On the eve of a crucial summit that may determine the outcome of Turkey's 41-year campaign for European Union membership, Brussels has mulled fresh conditions for Ankara to meet before accession talks could begin.
An omission from Armenia's draft 2005 budget has touched off speculation that a rapprochement with Turkey may be in the offing. The missing line item concerns Yerevan's long-standing effort to win international recognition for what Armenian officials portray as the genocide of 1915-16. Some observers interpret the dropped genocide reference as an effort to extend an olive branch to Turkey.
In the wake of a European Commission report on Turkey's EU accession drive, debate is sharpening in some member states on the impact of blending a secular Islamic state into the mainly Christian fabric of the organization. In Turkey, meanwhile, reaction to the report has been mixed.
The European Commission, in a report issued October 6, expressed a "qualified yes" to Turkey's desire to join the European Union. Though it marks a major step forward for Ankara's EU membership drive, the commission's go-ahead comes with conditions attached, leaving open the possibility that Turkey's accession efforts will ultimately be rebuffed.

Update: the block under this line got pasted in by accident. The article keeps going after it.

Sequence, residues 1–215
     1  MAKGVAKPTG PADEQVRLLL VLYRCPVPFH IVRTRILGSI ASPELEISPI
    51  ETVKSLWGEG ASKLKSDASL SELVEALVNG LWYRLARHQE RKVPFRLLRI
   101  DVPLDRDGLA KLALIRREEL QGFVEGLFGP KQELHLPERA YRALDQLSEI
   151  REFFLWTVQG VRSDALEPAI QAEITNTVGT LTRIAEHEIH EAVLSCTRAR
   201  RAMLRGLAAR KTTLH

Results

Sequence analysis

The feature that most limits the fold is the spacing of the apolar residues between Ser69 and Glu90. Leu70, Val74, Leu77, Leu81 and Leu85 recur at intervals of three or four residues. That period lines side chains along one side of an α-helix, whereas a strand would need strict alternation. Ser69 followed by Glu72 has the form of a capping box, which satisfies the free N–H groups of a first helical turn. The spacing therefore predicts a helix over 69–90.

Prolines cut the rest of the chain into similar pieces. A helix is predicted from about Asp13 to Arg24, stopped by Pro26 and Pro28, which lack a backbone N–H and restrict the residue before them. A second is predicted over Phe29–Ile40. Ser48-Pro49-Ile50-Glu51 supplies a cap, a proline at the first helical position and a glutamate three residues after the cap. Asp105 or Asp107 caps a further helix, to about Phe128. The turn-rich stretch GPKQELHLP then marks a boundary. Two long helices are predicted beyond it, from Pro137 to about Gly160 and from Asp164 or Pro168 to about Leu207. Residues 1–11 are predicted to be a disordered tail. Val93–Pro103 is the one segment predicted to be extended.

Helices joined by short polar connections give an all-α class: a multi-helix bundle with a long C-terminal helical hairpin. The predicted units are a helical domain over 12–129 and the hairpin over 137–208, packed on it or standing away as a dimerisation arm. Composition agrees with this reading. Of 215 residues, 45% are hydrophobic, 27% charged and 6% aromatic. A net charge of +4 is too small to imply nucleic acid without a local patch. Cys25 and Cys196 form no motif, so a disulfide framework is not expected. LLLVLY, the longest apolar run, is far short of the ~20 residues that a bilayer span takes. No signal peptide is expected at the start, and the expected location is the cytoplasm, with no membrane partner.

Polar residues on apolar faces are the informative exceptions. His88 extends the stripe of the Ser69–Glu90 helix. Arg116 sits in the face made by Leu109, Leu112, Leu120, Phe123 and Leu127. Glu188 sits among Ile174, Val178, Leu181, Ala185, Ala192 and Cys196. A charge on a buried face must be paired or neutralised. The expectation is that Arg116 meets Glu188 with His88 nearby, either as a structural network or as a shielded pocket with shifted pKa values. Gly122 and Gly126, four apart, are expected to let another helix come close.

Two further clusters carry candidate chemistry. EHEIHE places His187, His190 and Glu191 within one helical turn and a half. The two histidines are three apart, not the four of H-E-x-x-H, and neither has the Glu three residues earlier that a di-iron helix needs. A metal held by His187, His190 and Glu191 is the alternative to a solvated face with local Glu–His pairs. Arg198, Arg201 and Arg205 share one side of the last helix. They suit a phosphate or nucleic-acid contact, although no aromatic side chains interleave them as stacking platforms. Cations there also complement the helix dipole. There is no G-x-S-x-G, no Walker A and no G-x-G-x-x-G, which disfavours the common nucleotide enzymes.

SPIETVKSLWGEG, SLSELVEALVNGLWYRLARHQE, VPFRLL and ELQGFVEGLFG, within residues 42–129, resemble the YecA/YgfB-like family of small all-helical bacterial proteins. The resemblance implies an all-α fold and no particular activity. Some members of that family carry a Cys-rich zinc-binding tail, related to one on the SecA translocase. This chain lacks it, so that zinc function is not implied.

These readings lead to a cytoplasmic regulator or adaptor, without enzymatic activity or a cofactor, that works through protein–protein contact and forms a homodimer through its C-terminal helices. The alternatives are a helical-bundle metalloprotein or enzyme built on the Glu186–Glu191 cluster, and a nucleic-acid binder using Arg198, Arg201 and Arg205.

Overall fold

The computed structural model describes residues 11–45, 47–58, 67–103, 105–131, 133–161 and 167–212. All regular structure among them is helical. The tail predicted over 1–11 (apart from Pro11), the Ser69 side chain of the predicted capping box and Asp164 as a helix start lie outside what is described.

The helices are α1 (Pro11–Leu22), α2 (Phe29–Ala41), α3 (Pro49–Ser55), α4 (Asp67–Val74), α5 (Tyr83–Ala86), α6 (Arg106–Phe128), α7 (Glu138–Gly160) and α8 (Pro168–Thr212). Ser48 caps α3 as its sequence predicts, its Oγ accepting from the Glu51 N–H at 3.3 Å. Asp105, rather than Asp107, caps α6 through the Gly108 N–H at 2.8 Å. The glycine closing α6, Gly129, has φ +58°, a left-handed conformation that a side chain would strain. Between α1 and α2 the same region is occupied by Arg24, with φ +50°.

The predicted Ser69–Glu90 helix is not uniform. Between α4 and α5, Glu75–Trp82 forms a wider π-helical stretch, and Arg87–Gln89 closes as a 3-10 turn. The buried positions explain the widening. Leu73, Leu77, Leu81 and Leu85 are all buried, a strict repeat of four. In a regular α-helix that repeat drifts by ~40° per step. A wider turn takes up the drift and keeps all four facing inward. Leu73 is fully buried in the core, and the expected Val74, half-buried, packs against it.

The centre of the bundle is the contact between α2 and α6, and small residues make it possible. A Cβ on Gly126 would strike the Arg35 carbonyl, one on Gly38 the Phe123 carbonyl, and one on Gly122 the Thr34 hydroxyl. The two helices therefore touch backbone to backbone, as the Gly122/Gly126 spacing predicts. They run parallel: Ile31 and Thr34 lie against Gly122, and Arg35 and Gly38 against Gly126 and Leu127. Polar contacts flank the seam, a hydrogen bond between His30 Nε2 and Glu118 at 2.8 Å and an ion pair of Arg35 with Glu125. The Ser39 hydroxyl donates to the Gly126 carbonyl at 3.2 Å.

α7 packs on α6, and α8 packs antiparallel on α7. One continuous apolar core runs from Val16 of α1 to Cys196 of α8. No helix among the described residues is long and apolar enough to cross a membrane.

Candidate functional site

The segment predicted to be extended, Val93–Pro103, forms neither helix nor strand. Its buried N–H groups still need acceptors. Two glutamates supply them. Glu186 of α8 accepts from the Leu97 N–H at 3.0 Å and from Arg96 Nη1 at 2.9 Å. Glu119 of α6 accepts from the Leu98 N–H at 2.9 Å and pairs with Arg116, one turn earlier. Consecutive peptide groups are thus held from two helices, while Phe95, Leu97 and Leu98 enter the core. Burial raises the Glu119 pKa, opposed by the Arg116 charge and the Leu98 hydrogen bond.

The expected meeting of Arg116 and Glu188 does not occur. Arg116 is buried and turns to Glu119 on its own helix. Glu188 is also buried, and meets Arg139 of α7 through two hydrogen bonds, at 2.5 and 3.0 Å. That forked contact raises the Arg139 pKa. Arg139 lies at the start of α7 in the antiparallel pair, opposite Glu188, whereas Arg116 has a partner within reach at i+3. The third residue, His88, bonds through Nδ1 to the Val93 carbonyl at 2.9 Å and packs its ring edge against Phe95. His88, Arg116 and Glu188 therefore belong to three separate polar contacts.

Some form of go-ahead in the coming days by the European Commission for Turkish entry talks now appears a foregone conclusion.
However, two draft progress reports prepared by the European Commission suggest that uncertainties abound, and that any decision is likely to come with extensive conditions and qualifications attached to allow more skeptical member states to support it.
Turkey boosted its chances of joining the European Union by recently overhauling its criminal code. The Turkish parliament might never have gotten the opportunity to vote on the reform package, however, had it not been for quiet changes taking place within Turkey's military hierarchy.
The passage of sweeping penal reforms this Sunday has eliminated a sizeable roadblock in Turkey's European Union membership bid. Yet despite the reforms much lauded by EU officials debate still rages within Europe over Turkey's suitability to join the EU.